She got home later than she meant to. The air was still warm, and the sky was fading to a dusky blue, with pink streaks of cloud spread across. She turned into the carport and turned the ute off, listening to the engine ticking as it cooled.
As she opened the door, a crack echoed, bouncing off the tin roof of the carport and the brick walls of the house, surrounding her, closing her in. Liana pulled the key out of the ignition slowly and stepped out, feet unsteady as they hit the gravel. She frantically glanced at her mobile phone on the passenger seat. She could ring Beth, ask her to bring the spare key. She would try to keep the shake from her voice and insist her house key must have fallen off the keyring at some point. She couldn’t go in by herself. Liana would let Beth go into the house first.
Another gunshot sounded, and a mix of relief and embarrassment flooded through her. She was just tired and strung out. She was sick of fielding questions all afternoon by herself, trying to gloss over the worst. Most of all, she was desperate for a cup of tea, and maybe some water. Beth had definitely been too generous with the red wine.
Matt met her at the front door, rifle in his hands. He gave her a perfunctory kiss, but neither asked the other how their day had been. They didn’t do that anymore.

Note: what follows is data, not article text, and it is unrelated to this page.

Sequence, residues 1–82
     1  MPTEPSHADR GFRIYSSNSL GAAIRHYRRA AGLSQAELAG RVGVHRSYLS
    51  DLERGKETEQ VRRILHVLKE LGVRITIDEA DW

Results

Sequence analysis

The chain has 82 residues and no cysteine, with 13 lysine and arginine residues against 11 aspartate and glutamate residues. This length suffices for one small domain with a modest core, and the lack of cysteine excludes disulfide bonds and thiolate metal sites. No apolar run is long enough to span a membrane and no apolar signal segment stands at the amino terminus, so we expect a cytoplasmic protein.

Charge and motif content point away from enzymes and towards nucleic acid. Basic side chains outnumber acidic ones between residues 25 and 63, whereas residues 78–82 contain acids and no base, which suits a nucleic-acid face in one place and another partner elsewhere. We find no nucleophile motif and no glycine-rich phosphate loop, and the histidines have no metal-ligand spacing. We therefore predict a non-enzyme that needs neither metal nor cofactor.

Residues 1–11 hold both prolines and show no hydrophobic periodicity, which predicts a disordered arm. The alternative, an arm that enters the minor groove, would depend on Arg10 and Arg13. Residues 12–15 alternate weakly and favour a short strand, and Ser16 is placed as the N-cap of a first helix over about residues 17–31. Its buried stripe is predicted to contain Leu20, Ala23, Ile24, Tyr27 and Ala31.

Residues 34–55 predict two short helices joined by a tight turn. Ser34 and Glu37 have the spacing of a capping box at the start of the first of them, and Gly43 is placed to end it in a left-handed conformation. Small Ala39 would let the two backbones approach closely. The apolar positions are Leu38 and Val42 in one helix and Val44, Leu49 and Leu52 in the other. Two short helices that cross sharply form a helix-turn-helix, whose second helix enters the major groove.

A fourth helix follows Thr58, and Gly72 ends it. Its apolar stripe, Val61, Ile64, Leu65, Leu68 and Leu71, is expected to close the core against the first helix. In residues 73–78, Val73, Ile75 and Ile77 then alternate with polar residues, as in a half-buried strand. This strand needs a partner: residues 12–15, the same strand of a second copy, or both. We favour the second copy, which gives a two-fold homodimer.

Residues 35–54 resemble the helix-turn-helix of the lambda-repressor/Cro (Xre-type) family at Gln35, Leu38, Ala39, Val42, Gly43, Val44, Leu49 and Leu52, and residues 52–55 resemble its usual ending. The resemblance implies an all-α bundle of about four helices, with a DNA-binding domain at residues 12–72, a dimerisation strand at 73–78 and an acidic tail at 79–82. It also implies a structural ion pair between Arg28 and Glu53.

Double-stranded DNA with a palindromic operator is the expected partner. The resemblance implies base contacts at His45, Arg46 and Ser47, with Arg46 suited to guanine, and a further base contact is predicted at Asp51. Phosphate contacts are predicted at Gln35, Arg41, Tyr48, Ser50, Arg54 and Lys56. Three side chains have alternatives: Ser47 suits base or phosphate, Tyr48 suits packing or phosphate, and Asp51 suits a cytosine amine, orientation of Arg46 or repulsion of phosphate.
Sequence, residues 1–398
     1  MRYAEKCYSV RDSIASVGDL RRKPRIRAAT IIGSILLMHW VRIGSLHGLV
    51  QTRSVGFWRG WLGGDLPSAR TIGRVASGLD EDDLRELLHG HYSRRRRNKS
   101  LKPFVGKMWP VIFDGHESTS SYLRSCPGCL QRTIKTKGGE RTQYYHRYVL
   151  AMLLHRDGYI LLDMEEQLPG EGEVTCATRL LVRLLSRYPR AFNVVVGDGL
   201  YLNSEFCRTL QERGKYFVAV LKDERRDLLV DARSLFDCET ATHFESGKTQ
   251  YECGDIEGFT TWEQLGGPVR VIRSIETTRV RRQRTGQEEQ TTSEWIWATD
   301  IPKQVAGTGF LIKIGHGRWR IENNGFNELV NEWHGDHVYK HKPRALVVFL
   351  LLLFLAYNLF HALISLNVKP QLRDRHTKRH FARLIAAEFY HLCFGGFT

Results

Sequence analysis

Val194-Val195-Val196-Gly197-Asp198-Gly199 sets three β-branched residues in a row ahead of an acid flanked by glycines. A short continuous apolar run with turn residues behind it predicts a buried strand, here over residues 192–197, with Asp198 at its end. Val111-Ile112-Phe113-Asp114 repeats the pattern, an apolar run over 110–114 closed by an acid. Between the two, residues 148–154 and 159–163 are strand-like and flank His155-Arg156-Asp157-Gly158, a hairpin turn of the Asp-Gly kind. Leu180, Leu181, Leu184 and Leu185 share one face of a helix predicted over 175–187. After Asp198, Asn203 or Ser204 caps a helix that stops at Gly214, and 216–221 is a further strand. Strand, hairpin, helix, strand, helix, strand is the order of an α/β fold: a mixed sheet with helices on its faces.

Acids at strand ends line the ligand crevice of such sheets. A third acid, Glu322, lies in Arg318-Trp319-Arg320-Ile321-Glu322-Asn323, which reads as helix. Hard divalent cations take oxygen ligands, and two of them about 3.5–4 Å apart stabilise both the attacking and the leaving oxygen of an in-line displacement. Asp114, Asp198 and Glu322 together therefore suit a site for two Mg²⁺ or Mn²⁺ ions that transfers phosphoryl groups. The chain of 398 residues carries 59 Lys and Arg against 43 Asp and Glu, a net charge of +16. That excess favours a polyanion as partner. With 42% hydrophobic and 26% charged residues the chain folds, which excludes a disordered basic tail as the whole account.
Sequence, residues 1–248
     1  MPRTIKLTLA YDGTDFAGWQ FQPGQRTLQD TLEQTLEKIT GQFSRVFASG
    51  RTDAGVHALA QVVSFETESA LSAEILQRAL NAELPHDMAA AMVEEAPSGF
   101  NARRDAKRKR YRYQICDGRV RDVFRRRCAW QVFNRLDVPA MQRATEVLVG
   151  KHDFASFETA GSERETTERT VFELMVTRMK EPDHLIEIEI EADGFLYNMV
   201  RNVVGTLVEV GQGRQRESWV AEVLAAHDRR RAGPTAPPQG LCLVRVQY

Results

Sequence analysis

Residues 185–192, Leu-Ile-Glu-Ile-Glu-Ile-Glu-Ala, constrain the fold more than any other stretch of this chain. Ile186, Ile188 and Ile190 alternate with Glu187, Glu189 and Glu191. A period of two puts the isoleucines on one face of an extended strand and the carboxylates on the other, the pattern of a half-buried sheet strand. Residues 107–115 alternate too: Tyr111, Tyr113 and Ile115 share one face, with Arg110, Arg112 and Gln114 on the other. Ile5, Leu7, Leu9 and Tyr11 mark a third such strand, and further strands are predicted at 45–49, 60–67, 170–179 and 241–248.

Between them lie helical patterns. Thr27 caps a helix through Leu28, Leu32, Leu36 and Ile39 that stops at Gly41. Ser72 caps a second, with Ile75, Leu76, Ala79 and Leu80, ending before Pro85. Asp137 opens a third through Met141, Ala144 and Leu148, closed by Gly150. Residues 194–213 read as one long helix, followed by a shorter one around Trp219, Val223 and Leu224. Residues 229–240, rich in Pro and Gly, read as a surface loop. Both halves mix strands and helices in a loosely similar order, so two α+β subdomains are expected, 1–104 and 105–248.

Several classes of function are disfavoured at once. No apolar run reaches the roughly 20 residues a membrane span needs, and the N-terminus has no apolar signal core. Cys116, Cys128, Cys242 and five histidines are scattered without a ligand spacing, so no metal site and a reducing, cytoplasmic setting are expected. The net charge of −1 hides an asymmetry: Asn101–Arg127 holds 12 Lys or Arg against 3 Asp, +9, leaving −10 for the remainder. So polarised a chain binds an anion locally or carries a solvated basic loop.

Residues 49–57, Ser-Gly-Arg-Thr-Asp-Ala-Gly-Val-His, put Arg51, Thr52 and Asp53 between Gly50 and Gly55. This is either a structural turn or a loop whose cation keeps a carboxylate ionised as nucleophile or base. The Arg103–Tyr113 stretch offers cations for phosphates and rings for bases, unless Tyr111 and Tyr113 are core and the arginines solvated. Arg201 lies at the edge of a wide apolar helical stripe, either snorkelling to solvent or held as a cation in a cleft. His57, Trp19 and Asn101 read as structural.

‘I dealt with the sheep. It had to be done,’ he said, his voice quivering slightly as he scrubbed at a spot on the rifle.
‘It’s done. Could use the meat for the dogs, I suppose. Col might want some.’
‘Matt, you can’t be serious. Don’t we have contracts? We’ll be stuffed!’
‘Couldn’t do it anyway. Not with sick sheep.’
‘The vet might have…’
‘Liana, it’s done.’
Matt squeezed her arm and headed inside. Liana followed him into the silent house, wiping the beads of sweat from her upper lip. She answered Matt’s small talk, as if it were just a normal night, but she couldn’t stop eyeing the rifle. She kept the keys for the ute tightly gripped in her hand, steeling herself for the next ripple.
Words by Ash Leonard
Ash Leonard is a writer and editor from Bannockburn, Victoria. She holds a degree in Professional and Creative Writing from Deakin University, and has been published in various journals and blogs, including WORDLY magazine, Backstory Journal and two anthologies produced by the Ballarat Writers Association. You can find her on Instagram: @sundrenchedpage, or at her blog: www.sundrenchedpage.com.
Photo by Bin Thiều on Unsplash